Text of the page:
Despite the cooler July, the warm start to the 2019 growing season has many areas of the Northwest from 50 to 200 growing-degree days above of the 1981-2010 average.
In the Walla Walla Valley town of Milton-Freewater, Ore., there were 1,859 GDD through July 31. A year ago, they stood at 2,062. At the same stage in the record-hot vintage of 2015, there were 2,317 cumulative growing degree days.
In McMinnville, the home of Linfield College and the heart of Willamette Valley’s Pinot Noir territory, there were 1,271 growing degree days — which is just ahead of the 1981-2010 average but well off the 1,574 of 2015. In 2017, the figure was 1,295.
This year, Roseburg stood at 1,758 on July 31. A year ago, it was 1,767, well above the 1981-2010 average of 1,427 but nearly 250 GDD off the hot 2015. And the Rogue Valley station in Medford recorded 1,891 GDD, more than 200 below that of 2015, and nearly a 100 off that the 1,972 of 2018. In 2017, it was 2,010.
“Heat accumulation (GDD) amounts for four locations that I have tracked for many years in Oregon have slowed during the last month,” Jones wrote. ” GDD is currently 10-25% above the 1981-2010 normals for the months of April through July, from 1-10% lower than the same point in 2018, and now running below 2015, the warmest year to date in the regions.”
Drought concerns ramp up as harvest approaches
Véraison is well underway in California, it is expected to be widespread during the second week of August for most of Oregon and Washington, Jones said.
“Véraison reports and estimates point to an average to slightly delayed vintage,” Jones wrote. “The forecast through mid-month indicates a warm start to August becoming seasonal through mid-month then warming to slightly above average later in the month with no major heat events. Some precipitation is forecast for the extreme northwest, but not much expected, while the rest of the west should stay dry.”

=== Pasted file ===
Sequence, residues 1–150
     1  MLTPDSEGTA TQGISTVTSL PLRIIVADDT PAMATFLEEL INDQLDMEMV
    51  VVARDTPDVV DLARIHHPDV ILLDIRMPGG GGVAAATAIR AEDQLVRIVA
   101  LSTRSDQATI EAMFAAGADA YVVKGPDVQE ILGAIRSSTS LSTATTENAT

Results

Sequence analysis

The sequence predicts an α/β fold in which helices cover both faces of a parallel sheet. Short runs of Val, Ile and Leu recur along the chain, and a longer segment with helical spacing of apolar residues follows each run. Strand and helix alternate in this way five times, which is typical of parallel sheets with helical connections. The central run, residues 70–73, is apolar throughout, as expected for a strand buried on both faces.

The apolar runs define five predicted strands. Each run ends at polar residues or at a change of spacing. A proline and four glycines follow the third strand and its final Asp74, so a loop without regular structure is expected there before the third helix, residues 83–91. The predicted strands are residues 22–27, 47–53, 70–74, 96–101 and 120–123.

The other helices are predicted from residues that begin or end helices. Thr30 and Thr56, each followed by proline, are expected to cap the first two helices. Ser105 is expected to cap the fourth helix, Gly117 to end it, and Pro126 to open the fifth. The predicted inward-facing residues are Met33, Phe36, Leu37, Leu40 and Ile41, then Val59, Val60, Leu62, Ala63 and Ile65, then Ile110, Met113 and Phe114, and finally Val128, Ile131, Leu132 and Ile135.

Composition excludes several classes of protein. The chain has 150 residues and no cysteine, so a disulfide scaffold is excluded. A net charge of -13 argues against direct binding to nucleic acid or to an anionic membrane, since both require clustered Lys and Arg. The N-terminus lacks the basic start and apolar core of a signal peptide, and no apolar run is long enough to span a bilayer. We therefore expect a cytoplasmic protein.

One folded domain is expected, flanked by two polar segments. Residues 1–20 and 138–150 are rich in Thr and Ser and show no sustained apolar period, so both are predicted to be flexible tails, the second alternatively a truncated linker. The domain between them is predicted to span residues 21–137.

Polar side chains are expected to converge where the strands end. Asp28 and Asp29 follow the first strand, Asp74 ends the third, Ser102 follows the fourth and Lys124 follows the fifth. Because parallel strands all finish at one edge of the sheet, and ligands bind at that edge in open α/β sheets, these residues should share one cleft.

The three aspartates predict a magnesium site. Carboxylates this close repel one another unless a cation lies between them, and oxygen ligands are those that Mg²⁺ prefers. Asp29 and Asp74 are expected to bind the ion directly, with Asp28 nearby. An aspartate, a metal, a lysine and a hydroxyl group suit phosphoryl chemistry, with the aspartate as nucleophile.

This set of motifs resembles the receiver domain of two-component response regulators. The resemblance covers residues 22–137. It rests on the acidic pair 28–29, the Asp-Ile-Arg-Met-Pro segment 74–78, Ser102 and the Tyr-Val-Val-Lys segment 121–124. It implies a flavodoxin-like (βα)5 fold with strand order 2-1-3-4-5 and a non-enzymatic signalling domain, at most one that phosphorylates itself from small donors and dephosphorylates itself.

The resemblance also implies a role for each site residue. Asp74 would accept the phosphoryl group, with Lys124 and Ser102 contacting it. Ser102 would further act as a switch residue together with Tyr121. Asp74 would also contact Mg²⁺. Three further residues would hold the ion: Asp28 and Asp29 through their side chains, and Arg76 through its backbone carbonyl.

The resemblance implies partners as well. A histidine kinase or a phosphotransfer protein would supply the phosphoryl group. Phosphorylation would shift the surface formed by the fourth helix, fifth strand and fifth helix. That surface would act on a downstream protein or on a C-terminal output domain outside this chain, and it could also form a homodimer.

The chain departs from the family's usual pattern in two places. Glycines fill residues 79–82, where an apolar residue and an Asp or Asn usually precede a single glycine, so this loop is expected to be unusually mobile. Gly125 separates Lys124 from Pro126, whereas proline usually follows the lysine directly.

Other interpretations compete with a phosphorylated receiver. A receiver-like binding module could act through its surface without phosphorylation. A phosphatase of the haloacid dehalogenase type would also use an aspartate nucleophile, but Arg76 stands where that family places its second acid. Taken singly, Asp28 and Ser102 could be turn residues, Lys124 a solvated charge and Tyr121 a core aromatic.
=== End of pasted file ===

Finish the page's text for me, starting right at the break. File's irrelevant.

That forecast is driven by “a very warm North Pacific,” wrote Jones, who added that the Western U.S. is “likely seeing a warmer than average second half of summer and start to fall.”
The jet stream moved extremely warm air northward, and the West Coast’s normally dominant high-pressure dome shifted farther to the west and north, allowing for onshore flow from the North Pacific for much of the month.
“The return of the ‘blob’ of extremely warm ocean temperatures in the North Pacific should be a major influence in the 90 day forecast with a likely warm late summer, early fall for most of the west, but especially the PNW,” he wrote.
Cooler than average conditions have held in eastern Washington and Oregon, portions of southern California and into the desert southwest, Great Basin and Rockies. It’s also been a relatively dry water year for northwestern Oregon and Washington and some scattered areas in the northern Rockies (60-85% of average).
“In terms of the deviation in days, current conditions put much of northern California, western Oregon and western Washington 10-18 days ahead of normal for heat accumulation, while coastal areas in the North Coast, central to southern California, and eastern Washington are running 4-10 days behind in heat accumulation,” Jones wrote.
Unfortunately, there’s not much moisture on the horizon.
“The most significant area of drought concern continues to be western Washington, northwestern Oregon, and portions across the northern border areas with British Columbia,” Jones pointed out.